My child’s art has pride of place on our walls – my prized pictures are behind the sofa

Unhung paintings have just become more clutter around the house

‘Our younger son went through a Jackson Pollack phase and a small but punchy abstract expressionist daub of his is in full, public view.’

‘Our younger son went through a Jackson Pollack phase and a small but punchy abstract expressionist daub of his is in full, public view.’

 

For years I’ve watched my personal space slowly shrink in inverse proportion to my sons’ growth and I’ve finally been supplanted from my last little nook.

When we bought our cottage my wife suggested a particular room should be my “study”. This was cunning because, as it gradually dawned on me, it tacitly nominated the rest of the house as hers.

However, I happily loitered there, until the boys arrived – after which it continued as my study in name only. Whenever overnight guests visited it became the spare bedroom and for festive dinners it served as a dining room. The rest of the time regular, creeping encroachments made it a general storage depot and my desk became the dumping ground for any stray household detritus. But the room remained notionally mine.

Sustained by the sight of my accumulated posters, prints and portraits adorning the walls, I hung on to an ever-contracting corner. However, the older boy is now a teenager. He shaves once a week and “needs his space.” He’s moved in and I have to find somewhere else to hang my pictures. They’ve gone to the back of a long queue as we have many more lying around waiting to be hung. Some are hidden behind the sofa and there are a few at the foot of our bed. Leaning against the chair where I drape my jeans, they give the room a vaguely Bohemian ambience and evoke an Impressionist’s studio in Montmartre.

Leaning against the chair where I drape my jeans, they give the room a vaguely Bohemian ambience

The casually piled frames hint at riches waiting to be experienced: an artistic cache, a deposit of creativity promising future dividends of visual delight. Or at least they used to – with time they have faded into invisibility and inevitably became pointless clutter I was no longer aware of ... until I’d stub my toe and be reminded of them.

A collection of carelessly stacked half-forgotten canvases is a romantic, cliched metaphor for the quintessential artistic predicament: imaginative abundance co-existing with material drought. It suggests a wealth of culture but actually signifies a poverty of space ....and ours is increasingly confined. Following customary curatorial practise, the early artistic efforts of the boys adorn fridge and cupboard doors in the gallery kitchen.

Elsewhere, the low eaves in the cottage severely limit the vertical surfaces required for displaying paintings with sufficient elegance.

However, there’s a Victorian painting of Oscar Wilde viewing the Summer Exhibition at the Royal Academy. He’s dressed in untypically sombre black, as are most of the luminaries surrounding him, but all are outshone by the floor to ceiling art.

Every available inch is covered with of exotic landscapes and costumed portraits in a gaudy riot of paint. I like this fabulously vulgar approach but my more discerning wife adheres to a tyranny of good taste and I must submit.

I ... haven’t fully grasped the criteria for deciding what makes the cut to hang in glory in the sitting room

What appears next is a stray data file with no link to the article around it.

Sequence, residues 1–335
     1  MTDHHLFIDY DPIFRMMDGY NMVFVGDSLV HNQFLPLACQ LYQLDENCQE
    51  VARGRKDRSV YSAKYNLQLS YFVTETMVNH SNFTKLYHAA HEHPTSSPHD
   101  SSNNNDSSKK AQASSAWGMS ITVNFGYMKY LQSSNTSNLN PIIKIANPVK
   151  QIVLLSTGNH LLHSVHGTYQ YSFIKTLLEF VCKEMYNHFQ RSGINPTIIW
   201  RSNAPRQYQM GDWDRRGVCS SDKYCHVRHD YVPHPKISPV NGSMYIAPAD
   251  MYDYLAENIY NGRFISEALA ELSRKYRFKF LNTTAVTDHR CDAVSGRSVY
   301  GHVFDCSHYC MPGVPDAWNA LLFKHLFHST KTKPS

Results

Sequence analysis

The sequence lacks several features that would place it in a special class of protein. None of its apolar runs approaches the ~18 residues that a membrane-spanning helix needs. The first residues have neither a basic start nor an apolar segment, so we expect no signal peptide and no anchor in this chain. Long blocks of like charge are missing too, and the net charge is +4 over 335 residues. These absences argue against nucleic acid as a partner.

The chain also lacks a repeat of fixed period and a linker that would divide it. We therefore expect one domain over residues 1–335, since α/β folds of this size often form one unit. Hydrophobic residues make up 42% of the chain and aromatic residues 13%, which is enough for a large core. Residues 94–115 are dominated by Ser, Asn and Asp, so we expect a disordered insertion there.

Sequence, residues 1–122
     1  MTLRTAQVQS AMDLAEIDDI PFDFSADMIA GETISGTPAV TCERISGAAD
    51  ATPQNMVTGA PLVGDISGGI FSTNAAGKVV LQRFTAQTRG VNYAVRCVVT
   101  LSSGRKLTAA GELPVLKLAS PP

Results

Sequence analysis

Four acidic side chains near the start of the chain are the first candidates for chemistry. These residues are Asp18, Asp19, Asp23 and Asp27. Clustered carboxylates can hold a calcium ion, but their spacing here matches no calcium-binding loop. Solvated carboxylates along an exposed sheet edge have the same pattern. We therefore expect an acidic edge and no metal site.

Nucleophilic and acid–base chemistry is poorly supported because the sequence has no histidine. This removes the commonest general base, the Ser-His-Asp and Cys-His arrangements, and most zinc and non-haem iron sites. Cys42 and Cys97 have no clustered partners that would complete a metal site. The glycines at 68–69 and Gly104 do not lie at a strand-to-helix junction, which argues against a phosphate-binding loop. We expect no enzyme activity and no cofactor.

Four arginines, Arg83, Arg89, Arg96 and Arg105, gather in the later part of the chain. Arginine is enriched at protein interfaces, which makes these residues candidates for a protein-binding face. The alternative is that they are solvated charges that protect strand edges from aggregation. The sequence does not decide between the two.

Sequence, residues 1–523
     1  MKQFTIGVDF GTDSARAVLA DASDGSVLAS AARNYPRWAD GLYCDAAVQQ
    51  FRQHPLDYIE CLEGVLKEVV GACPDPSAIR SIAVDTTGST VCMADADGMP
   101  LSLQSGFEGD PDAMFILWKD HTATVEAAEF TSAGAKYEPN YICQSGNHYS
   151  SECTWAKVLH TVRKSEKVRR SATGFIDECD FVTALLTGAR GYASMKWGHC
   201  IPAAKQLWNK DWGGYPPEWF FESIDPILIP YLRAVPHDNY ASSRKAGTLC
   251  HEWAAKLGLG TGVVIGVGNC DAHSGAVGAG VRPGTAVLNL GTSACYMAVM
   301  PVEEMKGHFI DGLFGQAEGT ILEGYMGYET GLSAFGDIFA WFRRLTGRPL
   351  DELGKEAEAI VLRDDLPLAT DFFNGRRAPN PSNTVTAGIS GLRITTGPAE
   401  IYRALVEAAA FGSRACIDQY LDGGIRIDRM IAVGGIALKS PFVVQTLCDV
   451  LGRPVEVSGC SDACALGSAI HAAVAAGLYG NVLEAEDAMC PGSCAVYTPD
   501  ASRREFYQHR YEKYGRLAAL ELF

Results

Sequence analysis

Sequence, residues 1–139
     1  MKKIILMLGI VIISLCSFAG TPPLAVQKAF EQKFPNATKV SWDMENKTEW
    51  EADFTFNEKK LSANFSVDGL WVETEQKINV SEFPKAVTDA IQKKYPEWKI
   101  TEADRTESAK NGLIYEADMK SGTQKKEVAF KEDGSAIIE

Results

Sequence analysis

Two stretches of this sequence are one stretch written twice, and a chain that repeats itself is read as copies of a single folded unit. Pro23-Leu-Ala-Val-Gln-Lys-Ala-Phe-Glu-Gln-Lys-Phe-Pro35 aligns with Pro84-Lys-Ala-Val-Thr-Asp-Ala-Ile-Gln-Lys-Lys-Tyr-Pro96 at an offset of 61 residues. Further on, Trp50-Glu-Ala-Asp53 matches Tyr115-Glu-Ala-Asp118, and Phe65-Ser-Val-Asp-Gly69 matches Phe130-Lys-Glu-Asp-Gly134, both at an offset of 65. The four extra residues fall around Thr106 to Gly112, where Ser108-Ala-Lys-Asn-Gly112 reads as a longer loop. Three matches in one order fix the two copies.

I’ve learned to appreciate her keen eye for scale and balance along with her subtle sense of colour but haven’t fully grasped the criteria for deciding what makes the cut to hang in glory in the sitting room. Clearly an original work beats a reproduction – however finely printed or framed: although exceptions sometimes prove this rule.

She once gave prominence to an exhibition poster signed by the artist. This trumped a signed poster for a play I was actually in. I’m still not sure why.

I also accept that mere sentimental attachment is an inadequate qualification but similarly, this principle has been equally selectively applied. Our younger son went through a Jackson Pollack phase and a small but punchy abstract expressionist daub of his is in full, public view. I love the boy dearly.

My heart burst with pride when he first went to the bathroom unaided but objectively speaking – and I say this secure in the knowledge he will never read this – the painting is clearly crap. Yet there it hangs, while my limited edition Guggenheim Museum poster of a lesser known Picasso – a fond memento of an exciting gig in Manhattan – is banished to obscurity.

If the issue of comparative taste is forced to a discussion, regrettable statements might be made

Furthermore: I have family connections with Africa but my Zulu and Ndebele curios languish in hidden niches whilst my wife’s Asian carvings, collected by her grandfather, perch prominently.

I dare not ask why. If the issue of comparative taste is forced to a discussion, regrettable statements might be made. Some things may be better left unsaid. What seems clear though is that in evaluating art, sentimental fondness can be a valid consideration, as long as it’s mutual.

My wife is aware of my chagrin at being evicted. I’ve grumbled about it loudly enough. So, largely because she is an intelligent, magnanimous woman – and partly because she fears I might exhibit my displaced pictures in the sitting room – she’s had a brilliant idea.

We should earmark some money, browse in a gallery or two then buy an affordable painting we both like and hang it together. It would keep me quiet for some time.

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